Scholarly Journals and Authors' Past Offensive Speech (1):

1. The Yale Law Journal is embroiled in a controversy. The Journal accepted a paper for a symposium; but now it turns out that four years ago, a coauthor of the paper made what certainly seems like a racist statement. (For whatever it’s worth, the paper has nothing to do with race.)

Should the Journal withdraw the offer? Some argue yes; the Journal has said no. It seems to me the Journal is absolutely right. The same should apply when journals consider papers written by people who have expressed Communist sympathies, or who praise terrorists, or who oppose or defend homosexuality, or who offend our sensibilities in countless other ways.

Academic journals are special institutions, with a special mission: the publication of ideas that advance knowledge in their field. To operate best, it seems to me, they should be committed single-mindedly to that goal. They may consider the quality of the paper (and quality in a broad sense, including soundness, novelty, relevance to hot current debates, relevance to timeless issues, accessibility, and the like). They may even consider the author’s credentials, when they think these credentials are a proxy for the paper’s likely merit, and when a proxy is needed. They may also consider the author’s past misconduct when it may influence the quality of a paper; for instance, they may decline to spend time double-checking a paper written by someone who has a reputation for scholarly fraud.

But they shouldn’t consider the author’s past offensiveness, or the reprehensibleness of the ideas he expresses outside the paper. It’s about getting ideas out to the readers, not about the moral character of the writer (or at least it should be about it). If a new discovery by transistor discoverer William Shockley (who was a racist) adds to our store of knowledge about electronics, or Noam Chomsky’s new linguistics work adds to our store of knowledge about linguistics, it shouldn’t matter what you think of the authors’ ideas outside those papers.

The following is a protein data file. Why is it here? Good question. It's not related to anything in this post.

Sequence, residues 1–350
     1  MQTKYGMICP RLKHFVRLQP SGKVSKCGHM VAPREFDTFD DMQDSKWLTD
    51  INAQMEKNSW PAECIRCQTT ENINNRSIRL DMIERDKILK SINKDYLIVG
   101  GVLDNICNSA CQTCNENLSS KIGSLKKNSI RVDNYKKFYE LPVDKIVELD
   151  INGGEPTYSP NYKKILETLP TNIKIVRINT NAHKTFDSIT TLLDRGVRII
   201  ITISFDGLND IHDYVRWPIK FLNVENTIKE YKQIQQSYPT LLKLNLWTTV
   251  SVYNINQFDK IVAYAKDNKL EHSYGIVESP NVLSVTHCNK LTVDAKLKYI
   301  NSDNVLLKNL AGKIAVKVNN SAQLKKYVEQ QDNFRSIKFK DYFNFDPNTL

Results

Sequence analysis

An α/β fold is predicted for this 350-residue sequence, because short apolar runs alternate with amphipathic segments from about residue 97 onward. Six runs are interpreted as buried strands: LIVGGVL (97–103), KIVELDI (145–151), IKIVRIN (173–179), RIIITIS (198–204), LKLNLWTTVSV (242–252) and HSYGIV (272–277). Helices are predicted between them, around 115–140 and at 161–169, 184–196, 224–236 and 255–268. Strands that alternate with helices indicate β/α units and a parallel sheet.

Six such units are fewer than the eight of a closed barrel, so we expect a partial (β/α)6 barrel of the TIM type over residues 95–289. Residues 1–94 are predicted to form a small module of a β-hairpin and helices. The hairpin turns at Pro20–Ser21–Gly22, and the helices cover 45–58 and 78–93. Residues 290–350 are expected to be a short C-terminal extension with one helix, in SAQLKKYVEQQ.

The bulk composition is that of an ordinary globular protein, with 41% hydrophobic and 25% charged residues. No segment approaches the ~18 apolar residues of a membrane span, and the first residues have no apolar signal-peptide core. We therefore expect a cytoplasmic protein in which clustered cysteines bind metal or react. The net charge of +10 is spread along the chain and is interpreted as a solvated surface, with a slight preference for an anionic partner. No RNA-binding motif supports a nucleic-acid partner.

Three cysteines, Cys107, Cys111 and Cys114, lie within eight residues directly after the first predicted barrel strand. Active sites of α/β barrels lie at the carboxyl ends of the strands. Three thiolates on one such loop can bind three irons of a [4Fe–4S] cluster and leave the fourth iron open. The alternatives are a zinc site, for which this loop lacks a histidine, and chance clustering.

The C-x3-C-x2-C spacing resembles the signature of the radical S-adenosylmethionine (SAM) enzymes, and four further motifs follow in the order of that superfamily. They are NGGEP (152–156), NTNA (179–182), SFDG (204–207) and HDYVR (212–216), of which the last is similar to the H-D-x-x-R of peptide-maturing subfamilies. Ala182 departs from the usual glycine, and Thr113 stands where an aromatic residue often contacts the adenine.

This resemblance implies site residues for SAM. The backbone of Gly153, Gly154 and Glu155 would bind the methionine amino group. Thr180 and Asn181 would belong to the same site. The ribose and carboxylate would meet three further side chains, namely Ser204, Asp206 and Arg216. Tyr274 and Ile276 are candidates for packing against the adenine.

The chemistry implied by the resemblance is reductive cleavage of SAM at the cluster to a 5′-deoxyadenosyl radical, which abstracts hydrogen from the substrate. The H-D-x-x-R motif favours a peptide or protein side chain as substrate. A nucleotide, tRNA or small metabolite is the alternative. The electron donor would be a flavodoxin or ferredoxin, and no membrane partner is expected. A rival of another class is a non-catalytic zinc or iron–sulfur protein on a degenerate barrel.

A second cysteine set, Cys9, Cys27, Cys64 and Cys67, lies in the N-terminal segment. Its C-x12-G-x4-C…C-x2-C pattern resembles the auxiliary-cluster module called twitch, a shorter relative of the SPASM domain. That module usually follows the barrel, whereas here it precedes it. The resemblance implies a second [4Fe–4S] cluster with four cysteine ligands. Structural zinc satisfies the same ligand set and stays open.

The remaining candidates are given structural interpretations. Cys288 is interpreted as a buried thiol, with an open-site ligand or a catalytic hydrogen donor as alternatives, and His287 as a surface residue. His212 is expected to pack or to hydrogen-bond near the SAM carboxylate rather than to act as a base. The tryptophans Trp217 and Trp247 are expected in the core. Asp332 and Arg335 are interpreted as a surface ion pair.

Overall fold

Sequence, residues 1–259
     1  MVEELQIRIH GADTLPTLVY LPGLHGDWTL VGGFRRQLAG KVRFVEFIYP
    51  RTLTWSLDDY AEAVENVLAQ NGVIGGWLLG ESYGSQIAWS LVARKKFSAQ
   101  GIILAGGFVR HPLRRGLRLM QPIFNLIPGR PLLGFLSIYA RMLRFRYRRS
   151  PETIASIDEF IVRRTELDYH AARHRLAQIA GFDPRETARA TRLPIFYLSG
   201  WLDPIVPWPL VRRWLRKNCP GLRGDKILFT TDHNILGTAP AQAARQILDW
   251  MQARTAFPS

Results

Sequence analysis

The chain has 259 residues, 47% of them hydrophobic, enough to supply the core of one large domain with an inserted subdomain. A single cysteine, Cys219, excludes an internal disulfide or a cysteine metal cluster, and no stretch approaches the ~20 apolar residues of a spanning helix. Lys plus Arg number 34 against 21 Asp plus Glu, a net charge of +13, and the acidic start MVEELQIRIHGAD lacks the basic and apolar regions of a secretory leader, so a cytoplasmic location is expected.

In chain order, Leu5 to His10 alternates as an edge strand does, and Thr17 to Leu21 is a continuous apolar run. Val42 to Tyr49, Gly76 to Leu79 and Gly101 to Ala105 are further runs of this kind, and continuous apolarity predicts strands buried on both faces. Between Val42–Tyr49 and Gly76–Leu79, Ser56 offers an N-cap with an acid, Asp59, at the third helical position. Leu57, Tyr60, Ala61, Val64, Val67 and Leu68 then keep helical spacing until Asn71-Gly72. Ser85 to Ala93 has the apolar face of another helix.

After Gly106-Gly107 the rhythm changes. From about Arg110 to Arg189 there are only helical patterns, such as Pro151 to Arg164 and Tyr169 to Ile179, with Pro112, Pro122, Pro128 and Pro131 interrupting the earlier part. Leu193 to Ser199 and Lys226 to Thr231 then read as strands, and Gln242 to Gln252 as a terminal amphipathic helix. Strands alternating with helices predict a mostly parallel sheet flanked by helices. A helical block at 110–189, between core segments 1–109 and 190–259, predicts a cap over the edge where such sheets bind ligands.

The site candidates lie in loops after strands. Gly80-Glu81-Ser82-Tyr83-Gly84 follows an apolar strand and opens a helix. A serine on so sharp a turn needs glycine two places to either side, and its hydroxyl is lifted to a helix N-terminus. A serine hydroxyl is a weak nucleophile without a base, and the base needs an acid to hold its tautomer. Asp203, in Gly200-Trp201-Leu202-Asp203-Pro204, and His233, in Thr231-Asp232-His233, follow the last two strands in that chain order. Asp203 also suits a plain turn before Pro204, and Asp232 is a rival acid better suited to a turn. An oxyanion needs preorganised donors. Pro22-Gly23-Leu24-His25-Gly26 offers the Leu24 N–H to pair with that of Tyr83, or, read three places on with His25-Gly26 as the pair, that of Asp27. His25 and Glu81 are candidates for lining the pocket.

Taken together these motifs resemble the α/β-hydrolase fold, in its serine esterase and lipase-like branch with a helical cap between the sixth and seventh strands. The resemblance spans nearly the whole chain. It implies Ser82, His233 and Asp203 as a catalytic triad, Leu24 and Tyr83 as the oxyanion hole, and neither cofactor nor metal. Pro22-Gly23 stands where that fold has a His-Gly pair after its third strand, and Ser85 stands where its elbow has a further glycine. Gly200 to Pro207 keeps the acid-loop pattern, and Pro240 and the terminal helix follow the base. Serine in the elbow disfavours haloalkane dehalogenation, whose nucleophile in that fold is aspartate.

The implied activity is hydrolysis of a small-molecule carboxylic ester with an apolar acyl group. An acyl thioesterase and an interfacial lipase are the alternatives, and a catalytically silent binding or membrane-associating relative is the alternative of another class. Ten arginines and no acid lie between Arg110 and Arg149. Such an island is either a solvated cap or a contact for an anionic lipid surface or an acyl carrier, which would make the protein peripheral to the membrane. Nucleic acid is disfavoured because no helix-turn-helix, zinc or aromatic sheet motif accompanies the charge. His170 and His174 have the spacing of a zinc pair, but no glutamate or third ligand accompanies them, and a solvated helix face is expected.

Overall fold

This needn’t be the norm for all fields of human endeavor. When we choose dinner guests, we can quite rightly consider their characters, including their viewpoints; likewise when we choose coauthors. Businesses who are hiring people (e.g., pitchmen or entertainers) whose effectiveness rests partly on public goodwill may consider whether an applicant has done things that have cost him such goodwill. Even academic institutions may — and sometimes should — consider the character of those whom they choose to honor through special honors and awards. And there are even plausible arguments for considering the character of professors, who after all need to judge students fairly, serve as role models for them, and compose fair-minded and accurate lectures with minimal administrative supervision (though I think that on balance universities ought to avoid considering professor’s ideologies, despite these concerns).

But the learned journal is a different institution. Its purpose isn’t conviviality, collegiality, moneymaking, role modeling, or honoring the honorable. It’s an honor to publish in the Yale Law Journal, but the Journal doesn’t publish articles in order to honor people; publication of article doesn’t mean approbation of the author. Its editors should stick to evaluating ideas in an attempt to advance knowledge, and leave evaluating authors’ characters to others.

The Journal’s Editor-in-Chief also pointed out some important practical reasons justifying his decision not to retract the offer: (1) Evaluating authors’ characters requires journals to get into the business of investigating charges and responses. (“In this case, the central facts of the incident involving Camara are uncontested, but they might not be in other circumstances.”) (2) The exception would be hard to limit just to racist epithets, but is likely to grow to include other material that many find offensive. (3) If the Journal excludes some authors for their bad outside-the-article ideas, this would suggest that it’s endorsing the outside ideology of those authors whom it does publish. Yet the main point, it seems to me, is maintaining a clear focus on one main goal — the publication of ideas that advance the progress of knowledge.

UPDATE: Links fixed; sorry they were broken.

UPDATE: See also this post by Dan Markel on Prawfsblawg, which I largely agree with (though I'd go further than he would, and say that, yes, "the YLJ (or some comparable journal in philosophy and social thought) should publish Heidegger simply because of the work's contributions," even though Heidegger was a Nazi. (I also agree that if there were a narrow exception for Nazis, Stalinists, and the like, this author -- even if he were sincere and unrepentant, which seems unlikely here -- is very far from that exception; but of course the difficulty with narrow exceptions for Nazis and Stalinists is that they rarely stay narrow.)